Even though Anodyne only succeeds at half of what it attempts, it’s still an interesting experiment. The game is visually stunning with a narrative that at the very least could be considered thought-provoking. At only $10, it’s hard to argue that this spiritual successor to the original Legend of Zelda isn’t worth a try. Pick it up on Desura or Gamersgate.


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  • I always thought that it was more of a spiritual successor to Link’s Awakening than the original Legend of Zelda, complete with jump mechanics and a dreamlike plot. My love for the original game is one of the reasons I enjoyed this one so much.

    But I do agree… I would have liked a little less ambiguity with the plot. Not that I can really comment though. HyperBound was equally ambiguous and not nearly as well made.

  • Good review, except this struck me as odd:

    “Although rarely boring, the game’s refusal to reveal the underlying inter-connectivity between these eclectic set pieces can grow tiresome.”

    God forbid video game players should ever have to *interpret* abstraction in a game! I’m imagining what kind of criticism we would get if contemporary video game reviewers were to also review visual art (or literature or art film, for that matter): “The abstract painting was pretty-looking, and sort of creepy, but one major problem with it was that it didn’t include an explanation of what it means.” Reviewers who take their medium seriously as art know that they will not (and should not) be spoon-fed the meaning of the work in the work, but rather that appreciating art takes effort, in the form of interpretation. Unfortunately, it seems like video game criticism is too immature to be able to realize this (usually).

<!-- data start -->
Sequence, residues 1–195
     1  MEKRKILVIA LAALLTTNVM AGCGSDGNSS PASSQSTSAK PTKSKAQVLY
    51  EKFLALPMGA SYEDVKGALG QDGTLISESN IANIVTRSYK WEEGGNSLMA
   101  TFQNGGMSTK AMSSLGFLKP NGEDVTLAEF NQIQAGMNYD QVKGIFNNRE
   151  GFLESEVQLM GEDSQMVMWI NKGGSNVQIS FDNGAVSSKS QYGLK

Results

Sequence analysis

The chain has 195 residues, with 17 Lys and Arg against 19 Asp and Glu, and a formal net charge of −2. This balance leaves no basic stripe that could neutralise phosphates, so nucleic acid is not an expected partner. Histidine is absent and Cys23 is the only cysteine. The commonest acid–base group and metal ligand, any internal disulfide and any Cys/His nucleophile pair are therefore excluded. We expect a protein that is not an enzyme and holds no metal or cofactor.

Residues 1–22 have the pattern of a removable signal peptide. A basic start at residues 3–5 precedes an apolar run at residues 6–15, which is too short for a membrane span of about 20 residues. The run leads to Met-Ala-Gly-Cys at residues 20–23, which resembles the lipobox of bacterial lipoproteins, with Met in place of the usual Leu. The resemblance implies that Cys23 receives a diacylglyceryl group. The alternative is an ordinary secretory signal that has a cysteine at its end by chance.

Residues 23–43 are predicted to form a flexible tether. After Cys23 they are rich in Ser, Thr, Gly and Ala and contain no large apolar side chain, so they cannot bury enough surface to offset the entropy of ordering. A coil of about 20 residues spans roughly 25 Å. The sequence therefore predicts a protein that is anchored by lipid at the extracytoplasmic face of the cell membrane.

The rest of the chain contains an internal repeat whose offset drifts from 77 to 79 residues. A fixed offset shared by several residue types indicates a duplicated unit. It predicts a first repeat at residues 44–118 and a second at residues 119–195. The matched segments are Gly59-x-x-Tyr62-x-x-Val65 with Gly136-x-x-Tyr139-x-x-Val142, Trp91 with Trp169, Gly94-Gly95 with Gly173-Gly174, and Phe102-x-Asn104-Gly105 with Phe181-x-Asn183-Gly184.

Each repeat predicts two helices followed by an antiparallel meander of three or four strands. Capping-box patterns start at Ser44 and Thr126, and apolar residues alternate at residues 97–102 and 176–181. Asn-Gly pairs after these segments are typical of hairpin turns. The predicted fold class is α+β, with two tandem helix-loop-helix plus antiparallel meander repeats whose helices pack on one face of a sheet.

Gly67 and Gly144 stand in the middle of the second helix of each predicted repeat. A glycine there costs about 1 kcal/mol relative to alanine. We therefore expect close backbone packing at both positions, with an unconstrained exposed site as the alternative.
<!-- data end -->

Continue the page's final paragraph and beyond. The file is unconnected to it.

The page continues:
• It’s not odd at all. Companies like Tale of Tales demonstrate what happens when developers are deliberately obtuse. It’s annoying and pretentious to render the entire product in a heavy veil of potentially meaningless symbolism and finally cap it off with the eternal psychiatrist’s refuge, “Well, what do YOU think it means?”

    I can decipher implicit meaning as well as the next humanities major. That doesn’t mean I enjoy paying $59.99 for the privilege of filling in the blanks myself. As long as the medium is interactive, I fully expect the interactivity to be a sufficiently rewarding experience as to make my expenditure seem justified — a company like Tale of Tales doesn’t understand the necessity of this and banks the entirety of their product in the nebulous realm of user interpretation. What they basically say is that you pay money for them to flash a picture at you, but only if you can jump through a hoop 20 consecutive times. Forgive me for being skeptical that this enriches my day.

    Not having played Anodyne, I don’t know if it’s anything as bad as Tale of Tales games, but what I’m saying is that there’s a line between implicit meaning, open meaning and pretentiousness, and a lot of the people who harp on about “art in video games” as though the third were just as important as the former two.

    Then again, what do I know. I always preferred Monet to Manet, so maybe I’m just a hypocrite when it comes to form and substance.

    • True, there is sometimes a thin line between abstract meaning and vacuous pretense. The problem I have with the review is that it doesn’t make the effort to see what side Anodyne falls on, because it assumes that *any* abstraction is simply a fault in story design (hence the quote about the game refusing to reveal its meaning). And if it doesn’t assume this, it certainly doesn’t make the attempt to explain why the abstraction in this game fails. When I played through Anodyne, I personally thought of some interpretations that made sense of the themes and the areas. Whether or not a reviewer agrees with me about the effectiveness of the aesthetic, I’d like to see an effort to evaluate it at all, which isn’t present in this and a lot of other reviews.

By Mathew
Michael Iantorno PhD Candidate, Game Designer, and Writer